FREYR expands Norwegian plant plans, government agrees to support

FREYR Battery is set to move forward with the construction of its first battery gigafactory in Norway, having received assurances of financial and strategic support from the country’s government.

The Norway-headquartered battery cell manufacturing startup said it had sanctioned the construction of Giga Arctic and confirmed it would have access to more than $1.6 billion in funding through loan.

The company’s announcement came yesterday as the Norwegian government announced a new National Battery Strategy Policy at the offices of FREYR Battery. Like neighboring Finland, Norway has decided to promote local industries in the battery value chain.

The country’s Ministry of Trade, Industry and Fisheries said its 10-step plan could help unlock opportunities for the industry with a turnover of NOK 90 billion ($9.02 billion). dollars) by 2030 (see the version here, in norwegian language only).

As part of this strategy, the Norwegian export credit agency Export Finance Norway (Eksfin) has indicated that it will support FREYR with up to 400 million euros (418 million dollars) in guarantees, loans or a combination of both.

FREYR has already entered into major off-take agreements with a number of customers in the stationary battery energy storage industry, some of which have been named, such as a 28.5 GWh agreement with US manufacturer Powin and a 19 GWh deal with Honeywell, along with others who did not.

While a large majority of initial demand is likely to come from the electric vehicle (EV) sector, which is booming in Norway and growing in Europe and other territories, in an interview with this site in March, FREYR CEO Tom Einar Jensen said that up to half of its products could be sold in the energy storage systems (ESS) sector over time.

Securing funding has allowed the company to accelerate its production plans: Giga Arctic will target annual production capacity of 29 GWh, while a target of 200 GWh of annual capacity for 2030 will be achieved through expansions and other new facilities that FREYR intends to build.

The original plan was to build two smaller factories on the Mo i Rana town site, but these will be consolidated into one site. FREYR estimates that the construction and commissioning of the Giga Arctic plant will require a total investment of approximately US$1.7 billion. The company noted that factors such as supply chain constraints and inflation have driven up expected costs since the plans were first announced.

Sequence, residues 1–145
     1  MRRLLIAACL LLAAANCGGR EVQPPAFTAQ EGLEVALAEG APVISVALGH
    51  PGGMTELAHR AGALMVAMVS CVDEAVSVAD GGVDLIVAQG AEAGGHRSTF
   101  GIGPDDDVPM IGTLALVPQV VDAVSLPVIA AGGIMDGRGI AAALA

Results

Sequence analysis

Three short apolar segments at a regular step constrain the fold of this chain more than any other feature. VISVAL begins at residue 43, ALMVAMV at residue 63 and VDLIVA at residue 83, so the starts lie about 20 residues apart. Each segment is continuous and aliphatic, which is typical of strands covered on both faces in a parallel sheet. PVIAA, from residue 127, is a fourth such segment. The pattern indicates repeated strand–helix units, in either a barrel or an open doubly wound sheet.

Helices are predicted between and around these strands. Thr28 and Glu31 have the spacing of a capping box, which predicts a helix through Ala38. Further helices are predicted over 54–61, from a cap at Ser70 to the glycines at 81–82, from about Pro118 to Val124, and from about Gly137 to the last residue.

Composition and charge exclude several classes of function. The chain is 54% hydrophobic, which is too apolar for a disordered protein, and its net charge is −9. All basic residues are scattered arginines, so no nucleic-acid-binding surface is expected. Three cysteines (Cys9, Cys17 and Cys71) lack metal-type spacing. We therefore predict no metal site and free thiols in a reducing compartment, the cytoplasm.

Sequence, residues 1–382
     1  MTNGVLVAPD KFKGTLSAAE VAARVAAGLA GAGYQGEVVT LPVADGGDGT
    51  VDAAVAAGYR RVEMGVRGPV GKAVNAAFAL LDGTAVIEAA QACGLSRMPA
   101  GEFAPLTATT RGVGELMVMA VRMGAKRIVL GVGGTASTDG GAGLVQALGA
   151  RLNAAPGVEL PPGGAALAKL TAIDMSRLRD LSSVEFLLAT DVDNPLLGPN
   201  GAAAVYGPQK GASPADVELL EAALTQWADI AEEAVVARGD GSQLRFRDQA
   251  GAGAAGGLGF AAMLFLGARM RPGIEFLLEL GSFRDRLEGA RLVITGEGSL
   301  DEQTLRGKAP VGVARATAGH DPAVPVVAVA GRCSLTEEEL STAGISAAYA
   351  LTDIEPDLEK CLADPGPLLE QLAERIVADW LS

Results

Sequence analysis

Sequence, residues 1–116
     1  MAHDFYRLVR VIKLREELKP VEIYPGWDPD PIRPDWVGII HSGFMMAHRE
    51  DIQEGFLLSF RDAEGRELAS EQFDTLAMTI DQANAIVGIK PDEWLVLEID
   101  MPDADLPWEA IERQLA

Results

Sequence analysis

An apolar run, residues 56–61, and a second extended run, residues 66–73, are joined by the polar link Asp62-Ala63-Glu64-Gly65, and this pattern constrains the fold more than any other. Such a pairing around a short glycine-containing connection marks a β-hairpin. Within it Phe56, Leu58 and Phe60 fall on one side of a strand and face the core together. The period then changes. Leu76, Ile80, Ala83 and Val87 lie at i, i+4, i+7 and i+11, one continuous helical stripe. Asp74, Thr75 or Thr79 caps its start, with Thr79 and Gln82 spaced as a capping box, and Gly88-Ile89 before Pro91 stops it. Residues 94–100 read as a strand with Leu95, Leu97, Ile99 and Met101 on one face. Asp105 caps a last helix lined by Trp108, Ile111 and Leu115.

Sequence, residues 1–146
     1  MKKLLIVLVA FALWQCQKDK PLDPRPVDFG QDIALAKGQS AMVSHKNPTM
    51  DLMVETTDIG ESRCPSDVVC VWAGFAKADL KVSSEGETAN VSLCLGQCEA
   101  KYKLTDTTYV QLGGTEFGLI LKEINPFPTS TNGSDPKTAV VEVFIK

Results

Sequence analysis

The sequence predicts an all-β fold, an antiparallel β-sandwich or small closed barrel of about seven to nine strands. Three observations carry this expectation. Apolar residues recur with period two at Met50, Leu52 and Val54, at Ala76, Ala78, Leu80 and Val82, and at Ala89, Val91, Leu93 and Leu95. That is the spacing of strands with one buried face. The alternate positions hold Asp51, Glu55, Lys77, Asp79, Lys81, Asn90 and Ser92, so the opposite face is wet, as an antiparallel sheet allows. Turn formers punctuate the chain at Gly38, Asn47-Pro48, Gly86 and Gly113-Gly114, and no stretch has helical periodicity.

FREYR also recently signed a Renewable Power Purchase Agreement (PPA) with Norwegian state-owned energy company Stakraft, and entered into material supply agreements with companies like Glencore.

The manufacturer aims to run all its production on renewable energy and has teamed up with the American battery technology platform company 24M, which has developed a process for manufacturing batteries with so-called SemiSolid electrodes, aimed at producing more energy-dense cells at lower cost and with less power consumption required.

In his March interview with this site, CEO Jensen said FREYR Battery’s initial production lines would produce lithium iron phosphate (LFP) cells but would retain the option of adding nickel manganese cobalt (NMC) manufacturing capability. ).

However, a press release sent yesterday to Energy-Storage.news noted that the initially planned production capacity in the first two gigafactories would be NMC. A request for clarification from the company had not received a response at the time of publication.

China’s Gotion to manufacture ESS and EV products at 18 GWh site in Germany

Separately, this week, Chinese battery company Gotion High-Tech announced that it will establish production bases in Germany that will manufacture LFP products for the stationary energy storage and e-mobility markets.

Along with the launch of a range of “portable” home battery energy storage products, the company announced that it would build up to 18 GWh of annual generation capacity at its existing site in the university town of Göttingen in Lower Saxony, in two phases.

Preparation of the brownfield site for construction will begin before the end of this year, and initial production of 3.5 GWh will be commissioned by September 2023, before subsequent phases take this to 6 GWh and then add 12 GWh additional.

By 2025, Gotion High-Tech aims to have 300 GWh of generation capacity worldwide, including approximately 100 GWh in overseas territories such as Germany.

Meanwhile, LG Energy Solution has revealed that it plans to invest in an electric vehicle battery production plant in Arizona. The plant is one of several the Korean company is commissioning in the United States. Reuters, which flagged the company’s potential change of heart this week, said analysts it spoke with believed rising inflation was likely the main cause.

About Jefferey G. Cannon

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